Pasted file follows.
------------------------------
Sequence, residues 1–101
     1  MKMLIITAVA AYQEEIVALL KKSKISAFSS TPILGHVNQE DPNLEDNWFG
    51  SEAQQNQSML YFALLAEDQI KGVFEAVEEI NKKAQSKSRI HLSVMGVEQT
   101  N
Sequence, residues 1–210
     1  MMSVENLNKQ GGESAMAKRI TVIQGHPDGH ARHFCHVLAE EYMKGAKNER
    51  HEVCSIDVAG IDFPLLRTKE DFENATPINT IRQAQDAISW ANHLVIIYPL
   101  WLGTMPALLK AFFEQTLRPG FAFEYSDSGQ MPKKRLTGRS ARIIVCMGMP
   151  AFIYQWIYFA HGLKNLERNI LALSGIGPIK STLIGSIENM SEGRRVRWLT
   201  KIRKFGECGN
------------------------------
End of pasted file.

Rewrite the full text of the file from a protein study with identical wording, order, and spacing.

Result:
Sequence, residues 1–101
     1  MKMLIITAVA AYQEEIVALL KKSKISAFSS TPILGHVNQE DPNLEDNWFG
    51  SEAQQNQSML YFALLAEDQI KGVFEAVEEI NKKAQSKSRI HLSVMGVEQT
   101  N
Sequence, residues 1–210
     1  MMSVENLNKQ GGESAMAKRI TVIQGHPDGH ARHFCHVLAE EYMKGAKNER
    51  HEVCSIDVAG IDFPLLRTKE DFENATPINT IRQAQDAISW ANHLVIIYPL
   101  WLGTMPALLK AFFEQTLRPG FAFEYSDSGQ MPKKRLTGRS ARIIVCMGMP
   151  AFIYQWIYFA HGLKNLERNI LALSGIGPIK STLIGSIENM SEGRRVRWLT
   201  KIRKFGECGN